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Sunday, November 29, 2015

BUDDHISM IN PORTUGAL

Recent vacation was an entirely Christian Catholic experience. It's almost a traveller's cliché to pass every day inside yet another church, chapel, monastery or convent . From previous travel experience Europe these Portuguese churches seemed like minor variations on church architecture seen elsewhere, everywhere. The artwork and  statuary would always be beautiful but not really unique .

Then without warning we would find we would find ourselves in places like Remedios where there lies a small but celebrated church at the top of the hill overlooking the town. For some reason the interior of this particular church struck me as especially moving. It may have been the presence of one or two older women on their knees but I think it was rather the simplicity of the interior. This church had no specialty corners or alleys or aisles. It was no cathedral. It was simply one room with a magnificent statue at the front depicting a mother and child.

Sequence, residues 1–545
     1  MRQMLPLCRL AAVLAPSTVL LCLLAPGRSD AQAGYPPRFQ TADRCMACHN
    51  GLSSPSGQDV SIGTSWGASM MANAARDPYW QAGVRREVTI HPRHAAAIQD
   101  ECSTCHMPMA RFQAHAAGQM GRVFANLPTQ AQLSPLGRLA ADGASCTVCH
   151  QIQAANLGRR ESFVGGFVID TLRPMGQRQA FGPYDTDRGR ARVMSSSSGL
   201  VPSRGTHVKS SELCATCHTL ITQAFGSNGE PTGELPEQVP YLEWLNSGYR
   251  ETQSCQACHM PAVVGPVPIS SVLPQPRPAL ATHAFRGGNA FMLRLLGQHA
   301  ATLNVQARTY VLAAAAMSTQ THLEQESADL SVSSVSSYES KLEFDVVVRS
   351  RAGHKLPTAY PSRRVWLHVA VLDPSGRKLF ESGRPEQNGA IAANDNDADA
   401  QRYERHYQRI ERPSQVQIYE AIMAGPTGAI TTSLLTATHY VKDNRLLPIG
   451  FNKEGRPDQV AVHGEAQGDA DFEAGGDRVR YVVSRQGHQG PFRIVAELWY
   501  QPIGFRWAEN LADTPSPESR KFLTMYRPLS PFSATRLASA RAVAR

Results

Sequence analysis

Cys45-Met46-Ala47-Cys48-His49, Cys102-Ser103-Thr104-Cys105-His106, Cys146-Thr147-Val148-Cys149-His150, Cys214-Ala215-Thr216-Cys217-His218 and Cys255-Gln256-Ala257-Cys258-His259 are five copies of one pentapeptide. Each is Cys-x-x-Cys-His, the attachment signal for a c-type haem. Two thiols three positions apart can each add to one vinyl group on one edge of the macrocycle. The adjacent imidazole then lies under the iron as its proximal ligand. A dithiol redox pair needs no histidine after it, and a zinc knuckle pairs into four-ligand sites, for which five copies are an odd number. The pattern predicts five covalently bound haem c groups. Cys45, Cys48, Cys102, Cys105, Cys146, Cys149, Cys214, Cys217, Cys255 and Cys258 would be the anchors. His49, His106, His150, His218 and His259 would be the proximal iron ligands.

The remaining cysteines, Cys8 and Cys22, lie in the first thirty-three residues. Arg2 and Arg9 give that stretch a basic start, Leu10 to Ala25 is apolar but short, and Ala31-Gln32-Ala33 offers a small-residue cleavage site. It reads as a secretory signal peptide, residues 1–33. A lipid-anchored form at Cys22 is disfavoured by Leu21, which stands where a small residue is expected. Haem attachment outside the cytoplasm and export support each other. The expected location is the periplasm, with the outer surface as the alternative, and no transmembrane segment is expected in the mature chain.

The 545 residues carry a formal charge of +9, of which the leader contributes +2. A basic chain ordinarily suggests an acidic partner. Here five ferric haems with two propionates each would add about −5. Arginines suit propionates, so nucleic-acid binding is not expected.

There was nothing about Portugal that suggested a Buddhist presence, no posters or advertisements that I could see. I did check online for active groups, and there are less than 10 groups in the whole country according to a major European Buddhist directory. These groups seemed equally divided between the usual Tibetan, they Pasanda, end then communities. And is in communities is in Zen . The search I did of population data shows that the percentage of Portuguese population who would self-described as Buddhist is roughly the same as in Canada, that is about .5% or about 50,000 people. Given the tremendous difference in population this represents a small number of actual practitioners. With the serious drainage of population through emigration, these numbers will only decline.

There are very few Buddhist texts in Portuguese. Most of them are created by the Buddhist centres in Brazil (which has a significant Japanese presence). Unfortunately these are in Brazilian Portuguese a version of the language with major differences from Portugal. There is some effort to translate a few books, but in general they have very little access to the majority of any sect literature.

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